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Managing Complexity of Information Systems: The Value of Simplicity by Mederic Morel, Pirmin P. Lemberger

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Appendix 3Why Has SOA Failed So Often?

 

 

 

A.3.1. The need for flexibility

Facing competition that becomes tougher day after day, many large companies have struggled to improve the flexibility of their business processes and thereby gain an advantage over their competitors. Aligning the information system to business processes in order to decrease the “time to market” became the new motto. Service-oriented architecture (SOA) has been one of the most advocated solutions to meet this flexibility requirement. As a matter of fact, the various service-oriented approaches have attempted to solve two separate problems: the first is that of reusing existing components and the second is the flexibility of business processes. In Section 4.2, we presented various forms of reuse as solutions to the flexibility of requirements but obviously there are situations in which reuse is justified independently of any need for flexibility. Applying simplicity through reduction or simplicity through organization could indeed be legitimate enough reasons for reuse. Opening the system to the external world can also be considered a specific form of legitimate reuse.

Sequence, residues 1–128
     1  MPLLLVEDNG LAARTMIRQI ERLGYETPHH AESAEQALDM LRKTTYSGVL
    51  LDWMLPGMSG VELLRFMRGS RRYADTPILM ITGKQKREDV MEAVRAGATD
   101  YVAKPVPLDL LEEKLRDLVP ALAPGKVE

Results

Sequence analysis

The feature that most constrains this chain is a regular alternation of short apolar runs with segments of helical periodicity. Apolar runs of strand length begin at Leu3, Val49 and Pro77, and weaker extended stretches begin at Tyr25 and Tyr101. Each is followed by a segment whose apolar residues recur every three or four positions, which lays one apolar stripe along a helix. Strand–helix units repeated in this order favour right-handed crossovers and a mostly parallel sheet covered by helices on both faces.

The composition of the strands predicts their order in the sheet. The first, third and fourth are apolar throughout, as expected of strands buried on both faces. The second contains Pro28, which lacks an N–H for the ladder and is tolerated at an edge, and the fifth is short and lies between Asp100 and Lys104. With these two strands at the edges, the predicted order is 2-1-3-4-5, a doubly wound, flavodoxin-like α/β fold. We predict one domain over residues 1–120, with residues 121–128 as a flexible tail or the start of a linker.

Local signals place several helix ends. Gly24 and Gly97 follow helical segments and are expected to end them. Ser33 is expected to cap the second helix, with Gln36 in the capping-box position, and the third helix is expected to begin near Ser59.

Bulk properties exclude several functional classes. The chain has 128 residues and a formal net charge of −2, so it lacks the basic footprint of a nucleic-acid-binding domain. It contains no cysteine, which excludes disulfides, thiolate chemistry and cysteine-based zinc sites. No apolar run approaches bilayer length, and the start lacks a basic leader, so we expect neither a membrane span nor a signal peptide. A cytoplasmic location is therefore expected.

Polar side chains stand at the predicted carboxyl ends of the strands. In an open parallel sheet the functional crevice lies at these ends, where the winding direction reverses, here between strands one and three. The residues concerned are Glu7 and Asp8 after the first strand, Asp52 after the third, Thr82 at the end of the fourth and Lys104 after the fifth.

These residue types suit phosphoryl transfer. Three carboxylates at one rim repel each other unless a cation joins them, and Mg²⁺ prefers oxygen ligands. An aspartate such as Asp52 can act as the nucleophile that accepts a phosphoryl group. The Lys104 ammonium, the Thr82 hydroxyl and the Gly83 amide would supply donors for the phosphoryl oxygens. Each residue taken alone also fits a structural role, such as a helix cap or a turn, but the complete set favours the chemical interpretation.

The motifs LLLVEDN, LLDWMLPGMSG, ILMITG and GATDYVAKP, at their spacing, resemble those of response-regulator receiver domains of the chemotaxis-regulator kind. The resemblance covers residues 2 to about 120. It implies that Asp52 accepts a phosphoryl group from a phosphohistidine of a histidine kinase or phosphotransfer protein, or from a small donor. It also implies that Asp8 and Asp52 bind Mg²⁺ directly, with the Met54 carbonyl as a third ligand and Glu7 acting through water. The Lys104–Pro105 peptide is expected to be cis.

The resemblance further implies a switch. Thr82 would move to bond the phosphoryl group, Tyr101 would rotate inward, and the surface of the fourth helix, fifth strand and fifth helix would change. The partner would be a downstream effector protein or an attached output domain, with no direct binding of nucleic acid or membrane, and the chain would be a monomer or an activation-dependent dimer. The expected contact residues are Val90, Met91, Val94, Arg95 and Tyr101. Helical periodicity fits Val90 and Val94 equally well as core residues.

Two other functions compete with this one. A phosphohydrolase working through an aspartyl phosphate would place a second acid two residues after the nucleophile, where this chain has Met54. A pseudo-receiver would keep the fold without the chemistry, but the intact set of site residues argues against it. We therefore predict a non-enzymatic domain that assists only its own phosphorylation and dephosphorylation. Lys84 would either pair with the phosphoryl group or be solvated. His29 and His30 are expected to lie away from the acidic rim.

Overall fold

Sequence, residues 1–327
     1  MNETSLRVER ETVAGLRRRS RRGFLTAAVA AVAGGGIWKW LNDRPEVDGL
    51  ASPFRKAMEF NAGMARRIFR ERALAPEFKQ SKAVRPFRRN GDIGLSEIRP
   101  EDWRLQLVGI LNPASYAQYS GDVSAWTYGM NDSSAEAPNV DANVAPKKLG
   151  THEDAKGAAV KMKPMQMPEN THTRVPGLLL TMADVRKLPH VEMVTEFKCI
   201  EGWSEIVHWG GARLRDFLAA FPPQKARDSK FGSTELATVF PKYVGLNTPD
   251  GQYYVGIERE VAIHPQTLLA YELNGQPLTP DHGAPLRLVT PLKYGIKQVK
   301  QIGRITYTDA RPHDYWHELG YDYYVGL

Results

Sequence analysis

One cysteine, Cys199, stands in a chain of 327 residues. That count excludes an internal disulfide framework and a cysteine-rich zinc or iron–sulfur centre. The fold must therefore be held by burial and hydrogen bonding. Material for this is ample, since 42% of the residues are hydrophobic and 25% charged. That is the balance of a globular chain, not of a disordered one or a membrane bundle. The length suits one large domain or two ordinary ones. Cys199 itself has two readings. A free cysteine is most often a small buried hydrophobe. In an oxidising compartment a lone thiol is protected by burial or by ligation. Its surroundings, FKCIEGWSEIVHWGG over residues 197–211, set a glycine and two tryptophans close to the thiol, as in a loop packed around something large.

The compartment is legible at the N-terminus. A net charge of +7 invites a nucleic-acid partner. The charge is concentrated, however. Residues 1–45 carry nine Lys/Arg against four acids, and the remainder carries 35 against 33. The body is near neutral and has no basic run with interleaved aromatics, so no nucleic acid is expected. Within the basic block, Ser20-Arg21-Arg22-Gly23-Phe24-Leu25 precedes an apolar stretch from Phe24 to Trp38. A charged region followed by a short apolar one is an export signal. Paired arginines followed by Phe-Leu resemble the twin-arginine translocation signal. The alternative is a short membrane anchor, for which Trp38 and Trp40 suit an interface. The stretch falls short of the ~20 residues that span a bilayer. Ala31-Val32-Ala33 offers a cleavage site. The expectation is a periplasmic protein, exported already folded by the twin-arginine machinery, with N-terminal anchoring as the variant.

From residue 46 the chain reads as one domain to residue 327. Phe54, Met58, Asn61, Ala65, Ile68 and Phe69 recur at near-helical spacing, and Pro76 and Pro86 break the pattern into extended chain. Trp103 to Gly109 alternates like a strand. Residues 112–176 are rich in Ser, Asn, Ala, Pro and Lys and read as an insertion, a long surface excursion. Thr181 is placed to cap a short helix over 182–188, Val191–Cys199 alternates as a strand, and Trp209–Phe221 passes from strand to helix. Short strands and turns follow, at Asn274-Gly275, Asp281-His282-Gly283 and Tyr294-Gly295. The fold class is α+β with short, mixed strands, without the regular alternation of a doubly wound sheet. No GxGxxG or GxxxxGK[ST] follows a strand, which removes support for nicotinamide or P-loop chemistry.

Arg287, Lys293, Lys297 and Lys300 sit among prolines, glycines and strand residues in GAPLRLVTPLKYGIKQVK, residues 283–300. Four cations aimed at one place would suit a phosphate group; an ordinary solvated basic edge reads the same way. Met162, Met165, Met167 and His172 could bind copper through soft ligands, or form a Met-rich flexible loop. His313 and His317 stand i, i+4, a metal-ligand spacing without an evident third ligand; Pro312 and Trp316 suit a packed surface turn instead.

As was discussed in Section 5.2, three layers are traditionally considered in software architecture: the data access layer, the service layer, and the user-interface layer.

Figure A3.1. SOA amounts to splitting the service layer into a business-process and a processing layer

Roughly speaking, introducing SOA into a classical three-tier ...

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